Welcome to our May 2021 issue, the third issue of the Clinical Journal of Sport Medicine in 2021.
We hope that all of you enjoyed the American Medical Society for Sports Medicine 2021 Annual Meeting which took place last month, an entirely virtual event again this year. This month sees the return of the Canadian Society for Sport and Exercise Medicine (CASEM) Annual Symposium, and as usual, CJSM is proud to bring you all of the 2021 CASEM Poster Presentations abstracts and 2021 Podium presentation abstracts.
The CASEM Annual Symposium takes place virtually via the online Zoom platform from May 13-15, and we at CJSM are looking forward as always to being a part of this important annual event in our Founder Society's calendar. We always enjoy reading the CASEM abstracts which showcase a wealth of interesting research for sport and exercise medicine clinicians and allied healthcare professionals. Conference details can be found here.
Our Editorial this month by Wernbom and Colleagues highlights the continuing controversy surrounding the safety of blood-flow restricted exercise (BFRE). BFRE is regarded by many to be a 'game-changing' intervention as part of a rehabilitation programme for those patients in whom there may be difficulty with heavy load-bearing activities.
The benefits of this intervention are well established, with a good evidence base, and many of you will be familiar with this modality used in clinical practice. However, there remains some controversy surrounding the potential adverse effects, particularly when BFRE is used in an aggressive manner or with insufficient patient monitoring.
Wernbom and Colleagues argue that the available evidence suggests that BFRE may cause significant muscle damage including rhabdomyolysis in some patients, and advise a careful introduction and gradual application with patient monitoring in order to reduce associated risks.
On the subject of muscle damage, all of us will be aware of the adverse effects of Delayed Onset Muscle Damage, ranging from a painful inconvenience to a threat to performance
Cushman and Colleagues performed a single-blind, prospective, randomized-controlled trial involving participants of the 2018 Salt Lake City Marathon and half-marathon, looking at the effect of true or sham dry-needling of bilateral vastus medialis and soleus muscles within 1 hour of race completion on pain scores on days 1,2,3 and 7 post-race and post-race cramps and subjective soreness. The Authors found no significant difference between groups in post-race pain scores for the vastus medialis muscles, and an increase in pain scores for the soleus muscles at days 1 and 2 post-race in the dry-needling group. From their results, they concluded that a single post-race dry needling session does not improve pain scores, or cramping, compared to sham therapy.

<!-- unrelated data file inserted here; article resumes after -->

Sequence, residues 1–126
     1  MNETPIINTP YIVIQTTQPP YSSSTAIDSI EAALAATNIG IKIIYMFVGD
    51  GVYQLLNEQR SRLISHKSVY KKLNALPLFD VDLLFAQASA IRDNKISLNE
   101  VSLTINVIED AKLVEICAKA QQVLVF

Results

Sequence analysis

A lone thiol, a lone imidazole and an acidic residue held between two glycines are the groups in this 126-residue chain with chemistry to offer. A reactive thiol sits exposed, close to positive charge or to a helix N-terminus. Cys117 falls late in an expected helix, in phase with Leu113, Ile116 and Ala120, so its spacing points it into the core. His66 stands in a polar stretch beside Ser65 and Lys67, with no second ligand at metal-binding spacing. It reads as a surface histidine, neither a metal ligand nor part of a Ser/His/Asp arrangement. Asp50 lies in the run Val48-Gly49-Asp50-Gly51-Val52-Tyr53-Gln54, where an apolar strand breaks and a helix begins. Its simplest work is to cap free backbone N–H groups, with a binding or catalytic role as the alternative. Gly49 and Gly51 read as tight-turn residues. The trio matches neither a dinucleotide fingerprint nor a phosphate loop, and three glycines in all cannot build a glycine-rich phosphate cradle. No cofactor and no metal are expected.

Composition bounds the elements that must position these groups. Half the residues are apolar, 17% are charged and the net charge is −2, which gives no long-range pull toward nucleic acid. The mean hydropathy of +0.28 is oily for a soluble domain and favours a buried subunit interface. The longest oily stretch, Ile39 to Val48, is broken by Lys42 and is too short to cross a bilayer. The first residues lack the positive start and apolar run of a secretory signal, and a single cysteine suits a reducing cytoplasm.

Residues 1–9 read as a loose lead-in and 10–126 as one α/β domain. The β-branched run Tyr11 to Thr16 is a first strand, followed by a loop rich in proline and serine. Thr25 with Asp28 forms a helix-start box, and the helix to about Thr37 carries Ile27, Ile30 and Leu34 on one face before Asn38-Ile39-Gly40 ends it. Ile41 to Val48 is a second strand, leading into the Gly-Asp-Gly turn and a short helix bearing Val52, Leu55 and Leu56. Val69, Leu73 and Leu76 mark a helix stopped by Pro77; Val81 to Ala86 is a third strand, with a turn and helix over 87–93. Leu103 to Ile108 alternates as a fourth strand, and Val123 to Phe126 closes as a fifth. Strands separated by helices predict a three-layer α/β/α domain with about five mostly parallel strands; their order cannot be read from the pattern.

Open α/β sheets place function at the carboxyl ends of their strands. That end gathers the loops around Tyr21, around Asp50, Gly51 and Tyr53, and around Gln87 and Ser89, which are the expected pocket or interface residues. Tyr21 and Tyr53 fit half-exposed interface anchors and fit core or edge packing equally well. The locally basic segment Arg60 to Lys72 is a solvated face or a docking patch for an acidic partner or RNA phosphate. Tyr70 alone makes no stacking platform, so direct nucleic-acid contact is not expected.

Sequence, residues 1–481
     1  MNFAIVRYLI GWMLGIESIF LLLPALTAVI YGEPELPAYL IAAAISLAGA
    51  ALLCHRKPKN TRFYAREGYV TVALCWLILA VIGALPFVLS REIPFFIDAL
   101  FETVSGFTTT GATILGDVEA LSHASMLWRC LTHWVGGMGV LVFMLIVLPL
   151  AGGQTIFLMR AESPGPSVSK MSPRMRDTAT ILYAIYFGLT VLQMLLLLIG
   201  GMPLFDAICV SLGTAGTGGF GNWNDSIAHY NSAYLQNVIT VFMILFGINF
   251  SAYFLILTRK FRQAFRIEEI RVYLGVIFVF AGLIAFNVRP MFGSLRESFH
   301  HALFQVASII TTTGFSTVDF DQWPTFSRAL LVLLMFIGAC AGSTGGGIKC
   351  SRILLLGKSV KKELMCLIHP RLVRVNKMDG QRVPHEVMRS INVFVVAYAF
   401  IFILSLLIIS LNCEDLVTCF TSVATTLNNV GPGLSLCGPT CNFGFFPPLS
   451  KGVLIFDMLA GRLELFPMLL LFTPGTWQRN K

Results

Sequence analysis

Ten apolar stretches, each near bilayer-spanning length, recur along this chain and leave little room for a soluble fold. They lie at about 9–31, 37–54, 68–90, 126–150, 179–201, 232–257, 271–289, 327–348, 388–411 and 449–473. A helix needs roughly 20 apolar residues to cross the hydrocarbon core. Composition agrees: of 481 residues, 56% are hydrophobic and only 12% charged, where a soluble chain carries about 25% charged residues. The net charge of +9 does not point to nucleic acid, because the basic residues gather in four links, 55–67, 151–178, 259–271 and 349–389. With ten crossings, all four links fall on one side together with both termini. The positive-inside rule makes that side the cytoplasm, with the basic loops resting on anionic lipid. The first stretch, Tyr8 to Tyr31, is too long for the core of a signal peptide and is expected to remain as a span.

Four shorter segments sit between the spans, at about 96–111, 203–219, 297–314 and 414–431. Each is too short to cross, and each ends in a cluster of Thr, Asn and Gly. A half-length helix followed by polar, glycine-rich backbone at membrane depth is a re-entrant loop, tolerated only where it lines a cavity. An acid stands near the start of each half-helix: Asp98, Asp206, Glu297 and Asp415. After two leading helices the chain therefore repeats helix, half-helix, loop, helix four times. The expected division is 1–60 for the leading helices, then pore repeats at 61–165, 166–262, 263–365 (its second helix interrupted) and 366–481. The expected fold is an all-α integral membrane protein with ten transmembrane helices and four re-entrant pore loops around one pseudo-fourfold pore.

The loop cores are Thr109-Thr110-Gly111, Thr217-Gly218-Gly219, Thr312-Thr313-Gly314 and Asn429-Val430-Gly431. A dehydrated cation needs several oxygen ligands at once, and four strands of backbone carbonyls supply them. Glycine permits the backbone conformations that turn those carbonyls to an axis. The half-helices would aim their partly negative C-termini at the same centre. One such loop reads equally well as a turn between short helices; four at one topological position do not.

The search for the most accurate and clinically-useful tests post-concussion episode continues, and blood biomarkers of concussion are currently under extensive investigation. Anzalone and Colleagues examined changes in two promising blood biomarkers of concussion (serum neurofilament light and plasma tau), as well as the relation between these biomarkers and symptom reports, amongst 13-18 year old athletes with a diagnosed sports-related concussion presenting to a concussion clinic within 7 days post-injury, and controls aged 13-23 years old with no history of concussion. They found a lack of a strong relationship between clinical indicators of injury and blood biomarkers, and suggest that there is insufficient evidence for the widespread use of blood testing in the clinical setting of concussion management.
Doyle and Colleagues present a meta-analysis on the relationships between time of season and game segment to various lower-limb injuries across various sports. There are several interesting observations in this study, but overall, the Authors conclude that anterior cruciate ligament (ACL), groin and hamstring injuries do not appear to cluster related to time of the season or time of the game. They do, however, suggest that may be individual sport and sex-specific trends.
The question as to the optimal timing of ACL reconstruction, when this is considered to be necessary, is still open to debate. In a systematic review and meta-analysis, Matthewson and Colleagues examine the effects of early ACL reconstruction versus delayed ACL reconstruction on the incidence of meniscal and chondral lesions. They found that, despite the lack of randomized-controlled trial (RCT) data, there was no evidence of a significant difference in the incidence of meniscal or chondral lesions between patients who underwent ACL reconstruction less than 3 weeks post-injury, and those over 4 weeks post-injury. They call for more RCTs addressing longer periods between early and later ACL reconstruction, as they state that most previous studies have shown significant differences in pathology with a delay of 3 months of greater.
Other notable articles this month include a review by Pambo and Scharhag on ECG and Echocardiographic Findings in Black Athletes, Proceedings from the Ice Hockey Summit 3: Action on Concussion, and a Practical Management article on Recommendations to Increase Neuromuscular Electrical Stimulation Training Intensity During Quadriceps Treatments for Orthopedic Knee Conditions.
As ever, don't forget to keep up to date with events in the world of sport and exercise medicine on our CJSM Blog, our twitter account on @CJSMonline and on our Facebook account, and to check out our range of CME articles on the CME Lippincott CME Connection website.
Christopher Hughes MBBS MSc